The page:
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Yonder: The Cloud Catcher Chronicles Review

Yonder: The Cloud Catcher Chronicles Review


I’m Going On An Adventure….

If you don’t like to explore then you’re not going to enjoy Yonder: The Cloud Catcher Chronicles. I have spent my time with Yonder falling off cliffs, cutting grass, befriending Groffles and seeking Sprites. I should also point out that I am utterly hopeless at adventure games. Between getting lost and getting sidetracked I’m a terrible person to put in charge of charting new worlds. Thankfully Yonder and the island of Gemea are more than forgiving of my shortcomings as an explorer.

Yonder: The Cloud Catcher Chronicles comes from Prideful Sloth, an Australian games developer. You take on the role of a customisable character, shipwrecked on the island of Gemea and entrusted with the duty of clearing the island of ‘Murk’. Yonder and Gemea are yours to make what you fill of them. You’ll traverse the island on foot (or in my case by umbrella after falling from a great height) and what you decide to do with your time here is no one’s business but your own. Yonder is a relaxing, visually appealing and quirky little game that reels you in by offering simple and fun experiences.


Yonder will feel somewhat familiar in the hands of those who enjoy games like Stardew Valley, Harvest Moon and Animal Crossing. Resource management, crafting, appeasing local NPCs and exploring your surroundings are hardly unique to Yonder, just like at myriad of titles and spin-offs from two of the previously mentioned titles. Yet there is something fundamentally different about Yonder. The visuals are certainly endearing, Gemea is a beautiful place to explore.

The island is pretty big and features some pretty varied territories, frozen mountainscapes, lush green meadows, rusty desserts and sprawling forests. All of which are packed with unique flora, adorably fluffy fauna and healthy supplies of resources like clay, rocky, fodder and more. Every corner of the island is flowing with colour even the ‘Murk’ purple hazy clouds that shroud secrets and treasure chests are colourful blotches on the landscape.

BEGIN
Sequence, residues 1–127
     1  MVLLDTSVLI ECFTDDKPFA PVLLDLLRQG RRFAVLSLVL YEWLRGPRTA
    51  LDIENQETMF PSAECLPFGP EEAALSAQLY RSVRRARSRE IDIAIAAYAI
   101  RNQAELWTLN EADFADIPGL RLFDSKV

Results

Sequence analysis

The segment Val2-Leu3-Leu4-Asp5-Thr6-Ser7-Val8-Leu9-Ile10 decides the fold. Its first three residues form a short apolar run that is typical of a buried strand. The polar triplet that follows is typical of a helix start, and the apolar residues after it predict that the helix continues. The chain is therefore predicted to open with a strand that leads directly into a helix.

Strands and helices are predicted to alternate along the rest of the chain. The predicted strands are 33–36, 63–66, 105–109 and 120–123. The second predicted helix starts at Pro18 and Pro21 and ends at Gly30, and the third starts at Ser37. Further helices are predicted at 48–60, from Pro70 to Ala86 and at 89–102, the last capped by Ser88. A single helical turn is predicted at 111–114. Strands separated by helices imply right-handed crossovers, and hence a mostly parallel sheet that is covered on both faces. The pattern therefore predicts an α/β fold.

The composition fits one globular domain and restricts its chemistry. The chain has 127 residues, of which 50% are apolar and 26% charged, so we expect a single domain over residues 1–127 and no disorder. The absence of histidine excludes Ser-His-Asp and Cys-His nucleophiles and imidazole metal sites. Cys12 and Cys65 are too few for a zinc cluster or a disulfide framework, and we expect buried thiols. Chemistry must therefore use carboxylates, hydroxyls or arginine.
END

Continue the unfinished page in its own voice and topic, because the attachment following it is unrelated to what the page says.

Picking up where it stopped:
Locals are quirky little character, like a cross between hobbits, gnomes with pinched faces and trendy little outfits. They’ll offer you guidance on the island and train you in various crafts. Other islanders have need of your exploration and foraging skills. You’ll restore an abandoned farm and help house some animals. All of this sounds like it could fall into any the titles I mentioned above though right?

Yonder does one thing differently though, it keeps things simple.


As a result you can make the game about whatever you want it to be. You can be a farmer, a master baker, the hero who clears away all the murk. It doesn’t matter. The end goal is your own and there is no resistance in your path to it. You don’t have to clear out ‘Murk’ to fully explore Gemea. You don’t have to help a certain amount of islanders to unlock a new skill or tool. Everything is offered to you freely, even the tools you’ll use to harvest resources.

Games like Yonder tend not to hold my attention for very long. Give me too many options and sidequests and I’ll get sidetracked. If that happens I will give up, all you have to do is look at the amount of abandoned farms, houses and even Sims families I’ve left in my wake. Yonder mixes simple gameplay with an almost innocent charm. It’s gaming but not as I know it.

Your Yonder

There is no big bad to fight, there is no great evil to vanquish. In fact with the exception of some rocks, there’s nothing for you to hit. Yonder is here for you to enjoy it. Making friends with local creatures and go on a journey with them or spend some time fishing in a lazy river (FFXV, take note of Yonder’s super simple and FUN fishing mechanic!). Want to explore every nook and cranny? Well you’ll need some vines and planks to make a rope bridge. Resources on Gemea are for the most part infinite. However you’ll need to manage your trees for lumber, replacing the ones you chop down with seeds you harvest.

Gemea is your island. You create your own character, your own version of you to explore it. How you spend your time there, is entirely up to you decide. I have been there almost a week now and I’m 50% through my journey. I’m not famous for my farm or my sculpting, I’ve only begun to get to know my island. I’m in no rush to see it end just yet!